Yet it’s hard not to get obsessive about body image while pregnant.  Everyone has an opinion about your size, and somehow all social graces that normally prohibit unsolicited commentary disappear.  Suddenly, everyone and their brother will tell you whether you are too big or too small, and compare you with their mother/aunt/sister/friend/cousin who gained a ton of weight/didn’t gain enough weight/barely looked pregnant/everyone thought was carrying twins because she was SO HUGE, etc.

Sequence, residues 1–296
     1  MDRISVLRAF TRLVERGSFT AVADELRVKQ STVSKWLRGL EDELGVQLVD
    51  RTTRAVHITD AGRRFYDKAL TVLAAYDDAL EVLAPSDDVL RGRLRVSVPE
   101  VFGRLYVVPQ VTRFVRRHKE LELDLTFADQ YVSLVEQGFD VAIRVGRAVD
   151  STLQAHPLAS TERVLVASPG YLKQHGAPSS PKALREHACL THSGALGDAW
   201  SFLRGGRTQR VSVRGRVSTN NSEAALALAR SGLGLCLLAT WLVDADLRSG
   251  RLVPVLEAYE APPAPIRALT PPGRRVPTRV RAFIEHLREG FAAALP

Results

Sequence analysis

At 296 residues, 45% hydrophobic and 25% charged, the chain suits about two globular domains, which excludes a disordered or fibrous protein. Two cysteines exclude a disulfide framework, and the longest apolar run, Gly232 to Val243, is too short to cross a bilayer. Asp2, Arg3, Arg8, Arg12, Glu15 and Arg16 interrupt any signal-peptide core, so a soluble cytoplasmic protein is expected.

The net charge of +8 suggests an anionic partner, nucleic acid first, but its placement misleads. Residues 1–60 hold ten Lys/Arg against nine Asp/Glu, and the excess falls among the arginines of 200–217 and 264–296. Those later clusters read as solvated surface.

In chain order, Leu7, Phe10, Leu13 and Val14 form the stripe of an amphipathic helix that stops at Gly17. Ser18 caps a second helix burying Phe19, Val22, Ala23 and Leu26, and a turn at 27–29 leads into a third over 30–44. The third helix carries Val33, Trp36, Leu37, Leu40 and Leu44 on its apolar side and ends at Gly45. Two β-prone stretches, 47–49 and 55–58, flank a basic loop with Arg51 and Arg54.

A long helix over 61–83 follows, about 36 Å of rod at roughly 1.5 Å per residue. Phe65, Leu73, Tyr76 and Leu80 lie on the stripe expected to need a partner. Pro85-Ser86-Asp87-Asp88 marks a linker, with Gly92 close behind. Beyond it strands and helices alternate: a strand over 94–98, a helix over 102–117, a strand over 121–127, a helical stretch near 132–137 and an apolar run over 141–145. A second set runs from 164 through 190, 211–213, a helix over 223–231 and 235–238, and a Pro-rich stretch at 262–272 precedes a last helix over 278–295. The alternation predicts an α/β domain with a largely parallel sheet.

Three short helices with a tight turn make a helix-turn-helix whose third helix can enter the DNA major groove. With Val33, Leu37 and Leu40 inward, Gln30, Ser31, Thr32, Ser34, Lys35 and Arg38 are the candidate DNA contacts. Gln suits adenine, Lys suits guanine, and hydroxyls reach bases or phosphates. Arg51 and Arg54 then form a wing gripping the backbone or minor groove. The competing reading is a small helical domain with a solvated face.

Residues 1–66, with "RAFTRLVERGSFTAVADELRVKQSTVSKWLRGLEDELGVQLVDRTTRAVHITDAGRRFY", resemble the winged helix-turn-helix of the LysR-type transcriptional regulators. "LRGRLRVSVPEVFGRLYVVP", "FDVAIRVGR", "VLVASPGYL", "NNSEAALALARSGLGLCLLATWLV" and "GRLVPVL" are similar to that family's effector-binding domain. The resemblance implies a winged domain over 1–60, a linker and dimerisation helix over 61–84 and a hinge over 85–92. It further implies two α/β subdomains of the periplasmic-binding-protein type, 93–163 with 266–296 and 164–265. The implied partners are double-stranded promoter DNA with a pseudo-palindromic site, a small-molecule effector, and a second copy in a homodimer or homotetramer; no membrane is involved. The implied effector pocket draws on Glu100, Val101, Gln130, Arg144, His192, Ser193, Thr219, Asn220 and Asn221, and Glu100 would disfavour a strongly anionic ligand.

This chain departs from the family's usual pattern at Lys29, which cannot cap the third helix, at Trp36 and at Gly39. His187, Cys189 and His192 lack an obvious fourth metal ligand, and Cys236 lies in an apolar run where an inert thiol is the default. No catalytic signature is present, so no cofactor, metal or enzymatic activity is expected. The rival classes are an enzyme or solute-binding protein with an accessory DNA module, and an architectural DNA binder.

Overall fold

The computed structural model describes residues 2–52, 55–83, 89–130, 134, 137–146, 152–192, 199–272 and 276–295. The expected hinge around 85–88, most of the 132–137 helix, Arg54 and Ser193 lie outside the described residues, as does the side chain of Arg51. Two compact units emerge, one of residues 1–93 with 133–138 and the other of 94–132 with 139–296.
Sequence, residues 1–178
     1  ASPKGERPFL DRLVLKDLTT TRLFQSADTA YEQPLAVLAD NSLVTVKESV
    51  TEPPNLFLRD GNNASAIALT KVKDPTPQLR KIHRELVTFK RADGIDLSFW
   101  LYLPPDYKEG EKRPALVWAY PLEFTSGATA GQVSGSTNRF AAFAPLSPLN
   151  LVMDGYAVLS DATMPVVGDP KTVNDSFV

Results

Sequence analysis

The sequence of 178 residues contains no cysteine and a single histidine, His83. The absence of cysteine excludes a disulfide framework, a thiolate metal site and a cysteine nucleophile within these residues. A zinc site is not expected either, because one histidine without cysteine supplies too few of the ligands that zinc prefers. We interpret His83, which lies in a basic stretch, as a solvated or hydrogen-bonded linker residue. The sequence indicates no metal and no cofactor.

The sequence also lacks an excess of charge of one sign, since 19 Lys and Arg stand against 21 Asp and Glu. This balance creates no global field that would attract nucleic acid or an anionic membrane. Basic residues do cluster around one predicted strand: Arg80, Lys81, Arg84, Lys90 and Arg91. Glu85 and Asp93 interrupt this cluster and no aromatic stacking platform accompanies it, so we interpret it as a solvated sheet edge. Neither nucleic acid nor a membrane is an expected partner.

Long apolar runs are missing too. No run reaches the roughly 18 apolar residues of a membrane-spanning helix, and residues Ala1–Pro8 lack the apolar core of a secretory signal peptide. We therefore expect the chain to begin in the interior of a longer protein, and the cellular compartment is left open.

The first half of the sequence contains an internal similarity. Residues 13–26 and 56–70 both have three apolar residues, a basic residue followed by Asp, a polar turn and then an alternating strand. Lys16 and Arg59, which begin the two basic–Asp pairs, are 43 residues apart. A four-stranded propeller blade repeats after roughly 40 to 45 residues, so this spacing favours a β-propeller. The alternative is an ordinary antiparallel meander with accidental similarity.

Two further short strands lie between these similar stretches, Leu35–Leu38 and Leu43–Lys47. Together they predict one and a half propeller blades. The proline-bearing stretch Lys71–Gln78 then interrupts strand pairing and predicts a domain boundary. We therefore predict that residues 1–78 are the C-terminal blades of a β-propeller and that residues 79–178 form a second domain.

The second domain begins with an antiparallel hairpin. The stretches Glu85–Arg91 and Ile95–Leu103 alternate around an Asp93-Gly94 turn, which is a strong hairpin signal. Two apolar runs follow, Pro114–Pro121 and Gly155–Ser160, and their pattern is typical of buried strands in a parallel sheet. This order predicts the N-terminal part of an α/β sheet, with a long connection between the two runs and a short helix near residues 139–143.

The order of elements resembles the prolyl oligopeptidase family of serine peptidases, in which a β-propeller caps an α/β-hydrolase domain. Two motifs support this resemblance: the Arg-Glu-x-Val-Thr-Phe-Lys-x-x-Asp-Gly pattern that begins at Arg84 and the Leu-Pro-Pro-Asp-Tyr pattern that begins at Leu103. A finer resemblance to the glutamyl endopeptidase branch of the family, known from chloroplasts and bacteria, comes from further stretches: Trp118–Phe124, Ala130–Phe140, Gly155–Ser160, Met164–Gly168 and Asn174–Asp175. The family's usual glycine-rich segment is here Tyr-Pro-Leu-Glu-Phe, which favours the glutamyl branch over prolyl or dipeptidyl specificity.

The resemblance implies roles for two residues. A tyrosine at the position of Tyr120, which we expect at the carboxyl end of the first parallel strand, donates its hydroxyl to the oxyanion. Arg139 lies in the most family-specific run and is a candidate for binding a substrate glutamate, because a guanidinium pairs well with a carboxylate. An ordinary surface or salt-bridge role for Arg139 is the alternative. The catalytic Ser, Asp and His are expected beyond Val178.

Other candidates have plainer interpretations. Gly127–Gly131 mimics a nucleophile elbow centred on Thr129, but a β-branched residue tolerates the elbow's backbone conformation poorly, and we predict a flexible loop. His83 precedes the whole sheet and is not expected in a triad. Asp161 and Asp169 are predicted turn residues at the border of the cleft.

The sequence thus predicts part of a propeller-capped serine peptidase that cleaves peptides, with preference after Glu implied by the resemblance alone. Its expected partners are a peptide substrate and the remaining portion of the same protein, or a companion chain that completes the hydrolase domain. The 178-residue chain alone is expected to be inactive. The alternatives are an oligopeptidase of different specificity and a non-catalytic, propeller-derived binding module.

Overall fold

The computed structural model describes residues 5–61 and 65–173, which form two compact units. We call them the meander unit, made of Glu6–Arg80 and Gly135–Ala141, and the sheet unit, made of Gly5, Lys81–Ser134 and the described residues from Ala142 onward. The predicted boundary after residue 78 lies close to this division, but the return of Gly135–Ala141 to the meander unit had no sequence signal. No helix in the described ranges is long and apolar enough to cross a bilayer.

When I was about 14 weeks along with my second baby, I went for a manicure.  I’d spent months on my couch with debilitating nausea, and on the first day when I felt even remotely capable of leaving the house, my husband tried to cheer me up with a gift certificate to the salon. As I sat having my nails painted, the manicurist started trying to sell me electronic “firming treatments” intended to slim “problem areas.”  I explained that I wasn’t interested in trying to lose weight—I was pregnant.  But she didn’t miss a beat:  “Oh,” she exclaimed, “then you’ll really want to know about this for after the baby!”  And she wasn’t stopped when I tried to explain, politely, that no, actually, I didn’t want to know.  The sales pitch continued.  Needless to say, she never got to do my nails again.